Japanese celebrate New Year's Day is on January
1 each year. Before 1873, the Japanese
New Year (shogatsu or oshogatsu)
was based on the Chinese
lunisolar calendar and celebrated at the
beginning of spring.
However, in 1873, Japan adopted the Gregorian
calendar and the first day of January is the official
New Year's Day in modern Japan. It is considered
by most Japanese to be one of the most important
People eat a special selection of dishes during
the New Year celebration called osechi-ryori
popularly called to osechi.
Most businesses shut down from January 1 to January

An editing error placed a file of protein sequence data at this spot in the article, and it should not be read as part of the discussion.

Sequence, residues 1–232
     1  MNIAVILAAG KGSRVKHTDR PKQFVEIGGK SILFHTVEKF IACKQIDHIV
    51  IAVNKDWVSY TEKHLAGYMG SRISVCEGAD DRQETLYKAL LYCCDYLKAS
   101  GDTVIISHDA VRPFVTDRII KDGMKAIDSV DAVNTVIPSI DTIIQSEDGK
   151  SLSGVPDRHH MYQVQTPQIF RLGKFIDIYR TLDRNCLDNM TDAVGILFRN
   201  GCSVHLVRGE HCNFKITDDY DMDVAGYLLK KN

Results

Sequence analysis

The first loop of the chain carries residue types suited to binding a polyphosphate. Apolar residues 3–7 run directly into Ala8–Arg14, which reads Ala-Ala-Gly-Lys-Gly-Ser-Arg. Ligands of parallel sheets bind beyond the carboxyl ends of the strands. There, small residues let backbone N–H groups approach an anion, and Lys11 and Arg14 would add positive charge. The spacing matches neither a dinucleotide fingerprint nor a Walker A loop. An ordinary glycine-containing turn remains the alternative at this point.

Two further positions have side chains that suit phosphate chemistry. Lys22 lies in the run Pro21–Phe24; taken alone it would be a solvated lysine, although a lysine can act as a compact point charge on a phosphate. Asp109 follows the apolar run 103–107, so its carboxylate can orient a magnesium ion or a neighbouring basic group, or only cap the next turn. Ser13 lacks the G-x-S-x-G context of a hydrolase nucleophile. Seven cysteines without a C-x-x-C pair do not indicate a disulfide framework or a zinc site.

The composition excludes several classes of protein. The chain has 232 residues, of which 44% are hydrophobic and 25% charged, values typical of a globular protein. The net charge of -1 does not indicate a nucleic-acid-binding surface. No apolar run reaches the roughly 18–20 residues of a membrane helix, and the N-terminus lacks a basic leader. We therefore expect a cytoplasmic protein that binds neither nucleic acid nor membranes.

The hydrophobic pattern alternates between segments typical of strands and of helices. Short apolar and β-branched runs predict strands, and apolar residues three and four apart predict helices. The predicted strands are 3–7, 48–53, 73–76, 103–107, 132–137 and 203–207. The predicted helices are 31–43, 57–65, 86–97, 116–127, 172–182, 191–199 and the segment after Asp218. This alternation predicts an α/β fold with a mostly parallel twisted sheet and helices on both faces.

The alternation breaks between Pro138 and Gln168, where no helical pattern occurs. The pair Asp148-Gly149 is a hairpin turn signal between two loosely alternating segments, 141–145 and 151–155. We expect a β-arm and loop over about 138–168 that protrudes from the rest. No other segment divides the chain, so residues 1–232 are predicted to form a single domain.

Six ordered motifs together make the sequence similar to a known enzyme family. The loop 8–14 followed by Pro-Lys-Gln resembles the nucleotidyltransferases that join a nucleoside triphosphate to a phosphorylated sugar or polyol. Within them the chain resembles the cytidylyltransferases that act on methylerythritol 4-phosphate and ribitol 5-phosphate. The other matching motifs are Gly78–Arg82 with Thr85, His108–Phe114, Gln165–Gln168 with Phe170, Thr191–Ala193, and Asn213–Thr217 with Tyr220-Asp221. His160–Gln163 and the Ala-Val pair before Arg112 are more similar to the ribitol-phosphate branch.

3, and families typically gather to spend the
days together. It is a day of Cleaning
up Minds, Homes, Debts and Spirits.
Although Christmas cards exist
in Japan, most people send traditional
New Year's postcards called Nengajyo,
to friends, relatives and business associates.
People are happy to receive and read those nengajyo
on New Year's Day. Japanese post offices
accept New Year's cards from mid-December, and
they deliver them on New Year Day. Prepaid
New Year's postcards with lottery numbers
are now getting popular.